Magnesium and its action as an antioxidant.
Using antioxidants in sport is something that Reflex Nutrition has long recommended and is illustrated with the on-going evolution of AOC – Anti Oxidant Collection, a product designed specifically with sport in mind to help address the rigours of exercise. One of the new areas of research that has Reflex Nutrition focusses on is recent research with magnesium and the role it plays as an antioxidant. A military study (4) involving young cadets exposed to chronic levels of stress were assessed for levels of circulating markers of oxidative stress. The cadets with lower levels of magnesium showed higher levels of oxidative stress compared to those cadets with higher levels of magnesium. The study shows a clear link between magnesium levels and anti oxidant activity. This is another reason why it so important to keep your magnesium intake optimal, and not just for sports people, anyone leading a hectic lifestyle is exposed to stress in many its forms.
When supplementing, not all magnesium is equal.
Given the huge importance of magnesium and its role in health and sports it seems logical to supplement, unless of course you are consuming large quantities of magnesium rich foods discussed in the conclusion. Many vitamin pills contain magnesium and unfortunately many contain far too little to have any real world benefit and further they often contain magnesium oxide; proven in research to be only 4% bioavailable. Magnesium oxide is perhaps the least bioavailable form you could possibly use in a supplement, but it is one of the cheapest and perhaps this explains its widespread use. Reflex use magnesium citrate which is scientifically proven (5) to be more bioavailable than magnesium oxide, and even magnesium amino acid chelate (albeit by a small margin). The study also showed that magnesium oxide was no better than a placebo at raising magnesium serum levels. It’s therefore surprising to see just how many supplement companies still use magnesium oxide when research effectively shows that it’s worthless.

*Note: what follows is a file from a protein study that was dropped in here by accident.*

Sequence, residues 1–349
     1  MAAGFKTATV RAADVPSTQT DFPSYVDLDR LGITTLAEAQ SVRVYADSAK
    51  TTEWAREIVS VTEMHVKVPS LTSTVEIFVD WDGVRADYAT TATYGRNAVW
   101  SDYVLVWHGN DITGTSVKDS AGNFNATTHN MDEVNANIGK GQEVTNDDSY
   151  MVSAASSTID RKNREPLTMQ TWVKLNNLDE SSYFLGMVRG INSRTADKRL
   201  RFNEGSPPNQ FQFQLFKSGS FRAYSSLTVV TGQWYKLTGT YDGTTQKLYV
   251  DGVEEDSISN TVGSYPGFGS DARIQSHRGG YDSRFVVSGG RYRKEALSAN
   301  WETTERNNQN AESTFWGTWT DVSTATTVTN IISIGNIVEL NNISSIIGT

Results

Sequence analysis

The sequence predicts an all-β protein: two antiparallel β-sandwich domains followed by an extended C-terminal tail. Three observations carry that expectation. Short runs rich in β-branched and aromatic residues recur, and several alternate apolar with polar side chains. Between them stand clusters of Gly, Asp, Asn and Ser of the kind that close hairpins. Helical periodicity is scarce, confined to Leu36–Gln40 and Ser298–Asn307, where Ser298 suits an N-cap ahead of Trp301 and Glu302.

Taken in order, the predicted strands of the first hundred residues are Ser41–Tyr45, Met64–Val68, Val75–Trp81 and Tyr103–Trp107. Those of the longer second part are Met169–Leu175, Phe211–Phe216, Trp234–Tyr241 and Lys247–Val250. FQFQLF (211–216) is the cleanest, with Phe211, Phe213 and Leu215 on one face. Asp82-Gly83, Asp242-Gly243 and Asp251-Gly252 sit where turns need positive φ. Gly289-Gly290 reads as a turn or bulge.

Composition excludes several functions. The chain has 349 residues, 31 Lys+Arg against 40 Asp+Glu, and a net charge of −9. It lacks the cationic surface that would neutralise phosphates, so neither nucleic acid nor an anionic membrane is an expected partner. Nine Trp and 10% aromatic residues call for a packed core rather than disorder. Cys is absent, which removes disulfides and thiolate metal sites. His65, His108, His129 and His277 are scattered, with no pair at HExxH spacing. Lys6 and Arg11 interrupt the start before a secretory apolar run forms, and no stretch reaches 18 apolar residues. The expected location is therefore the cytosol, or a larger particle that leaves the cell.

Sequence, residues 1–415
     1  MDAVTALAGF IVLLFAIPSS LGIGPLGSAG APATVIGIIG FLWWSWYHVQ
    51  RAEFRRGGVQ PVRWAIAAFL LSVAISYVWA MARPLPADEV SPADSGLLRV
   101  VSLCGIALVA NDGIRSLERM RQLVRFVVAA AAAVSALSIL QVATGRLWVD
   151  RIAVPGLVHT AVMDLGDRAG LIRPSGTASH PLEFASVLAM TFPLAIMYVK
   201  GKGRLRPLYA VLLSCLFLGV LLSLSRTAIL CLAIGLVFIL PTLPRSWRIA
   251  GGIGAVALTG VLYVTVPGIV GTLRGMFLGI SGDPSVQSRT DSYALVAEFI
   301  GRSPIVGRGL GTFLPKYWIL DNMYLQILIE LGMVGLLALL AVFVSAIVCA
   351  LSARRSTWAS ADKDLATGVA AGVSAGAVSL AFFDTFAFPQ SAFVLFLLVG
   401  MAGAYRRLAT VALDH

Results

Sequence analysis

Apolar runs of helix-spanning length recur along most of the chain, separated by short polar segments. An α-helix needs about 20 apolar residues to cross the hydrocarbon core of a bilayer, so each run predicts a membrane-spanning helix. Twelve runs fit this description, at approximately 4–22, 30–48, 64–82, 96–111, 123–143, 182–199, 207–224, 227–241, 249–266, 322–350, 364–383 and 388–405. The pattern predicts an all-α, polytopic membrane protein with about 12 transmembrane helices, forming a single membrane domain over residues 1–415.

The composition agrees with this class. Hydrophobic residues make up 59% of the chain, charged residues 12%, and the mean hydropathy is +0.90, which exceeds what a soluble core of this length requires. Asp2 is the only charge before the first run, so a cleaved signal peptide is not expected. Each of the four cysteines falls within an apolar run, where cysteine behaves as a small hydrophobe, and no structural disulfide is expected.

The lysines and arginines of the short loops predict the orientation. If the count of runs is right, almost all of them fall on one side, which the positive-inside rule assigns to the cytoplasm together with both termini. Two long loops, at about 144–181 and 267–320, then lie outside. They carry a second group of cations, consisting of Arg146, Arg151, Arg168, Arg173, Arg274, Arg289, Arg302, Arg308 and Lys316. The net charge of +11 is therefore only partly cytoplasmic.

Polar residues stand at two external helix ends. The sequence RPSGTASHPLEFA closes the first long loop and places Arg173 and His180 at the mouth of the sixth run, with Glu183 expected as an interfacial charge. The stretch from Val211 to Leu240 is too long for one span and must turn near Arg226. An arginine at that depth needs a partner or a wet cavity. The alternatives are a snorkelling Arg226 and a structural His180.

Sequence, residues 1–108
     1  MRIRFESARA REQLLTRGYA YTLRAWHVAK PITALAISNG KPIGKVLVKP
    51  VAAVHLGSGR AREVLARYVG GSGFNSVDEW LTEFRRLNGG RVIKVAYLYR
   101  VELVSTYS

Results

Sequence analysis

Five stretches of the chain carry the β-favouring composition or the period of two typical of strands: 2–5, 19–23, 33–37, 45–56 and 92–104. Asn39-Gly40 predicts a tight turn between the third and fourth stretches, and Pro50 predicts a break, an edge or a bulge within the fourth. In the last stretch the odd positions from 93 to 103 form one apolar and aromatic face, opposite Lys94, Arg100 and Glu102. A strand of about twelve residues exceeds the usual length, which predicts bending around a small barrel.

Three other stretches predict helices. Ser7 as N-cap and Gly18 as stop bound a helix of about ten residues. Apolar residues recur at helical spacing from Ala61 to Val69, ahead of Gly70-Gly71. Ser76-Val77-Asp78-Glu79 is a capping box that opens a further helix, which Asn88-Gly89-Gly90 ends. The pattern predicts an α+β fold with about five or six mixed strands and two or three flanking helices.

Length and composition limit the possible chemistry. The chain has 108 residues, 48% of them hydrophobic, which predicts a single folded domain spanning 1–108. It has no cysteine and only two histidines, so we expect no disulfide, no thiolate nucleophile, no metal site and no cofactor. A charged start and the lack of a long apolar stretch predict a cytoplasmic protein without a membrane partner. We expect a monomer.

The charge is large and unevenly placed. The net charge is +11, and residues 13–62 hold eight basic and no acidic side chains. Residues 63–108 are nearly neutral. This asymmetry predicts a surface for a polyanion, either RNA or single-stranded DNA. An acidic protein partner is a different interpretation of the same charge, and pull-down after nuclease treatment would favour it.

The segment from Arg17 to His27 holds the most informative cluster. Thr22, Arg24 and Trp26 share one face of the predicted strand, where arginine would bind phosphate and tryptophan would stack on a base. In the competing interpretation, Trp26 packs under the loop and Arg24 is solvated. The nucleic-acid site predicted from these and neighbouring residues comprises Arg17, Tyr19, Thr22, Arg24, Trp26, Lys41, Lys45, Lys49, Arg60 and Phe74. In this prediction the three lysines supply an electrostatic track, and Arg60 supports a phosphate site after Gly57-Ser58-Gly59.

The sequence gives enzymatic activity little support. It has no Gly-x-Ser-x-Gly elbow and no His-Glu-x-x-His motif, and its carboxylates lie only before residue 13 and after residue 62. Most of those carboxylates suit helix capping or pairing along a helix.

The RDA of magnesium is 375mg.
We’ve spoken about magnesium and its role in sport, its importance in protein synthesis, the need for additional magnesium when it consuming protein powders, its effect on energy, reduction in lactic acid build and more. It is easy to see why it is so important to ensure your body receives at least the RDA of 375mg per day. You can, and we recommend, that you ensure your diet provides a rich source of magnesium. Foods highest in magnesium are pumpkin seeds (approx. 530mg/100g), almonds (approx. 300mg/100g) and brazil nuts (approx. 220mg/100g), followed by vegetables like spinach (approx. 80mg/100g) and broccoli (approx. 30mg/100g).
The message is simple; make sure your diet contains plenty of magnesium either from high quality bioavailable supplements or magnesium rich foods; the best option is probably a little of each to guarantee a regular intake.
- Blood magnesium, and the interaction with calcium, on the risk of high-grade prostate cancer. 2011, Dai Q, Motley SS, Smith JA Jr, Concepcion R, Barocas D, Byerly S, Fowke JH.
- Evidence that intracellular magnesium is present in cells at a regulatory concentration for protein synthesis, Proc. Nati. Acad. Sci. USA Vol. 82, pp. 7324-7326, November 1985 Cell Biology.
- The effect of magnesium supplementation on lactate levels of sportsmen and sedanter. Acta Physiol Hung 2006 Jun; 93(2-3):137-44
- Alterations in magnesium and oxidative status during chronic emotional stress. Magnesium Research 2000 Mar; 13(1):29-36
- Mg citrate found more bioavailable than other Mg preparations in a randomised double‐blind study. Magnesium Research, Volume 16, Number 3, September 2003.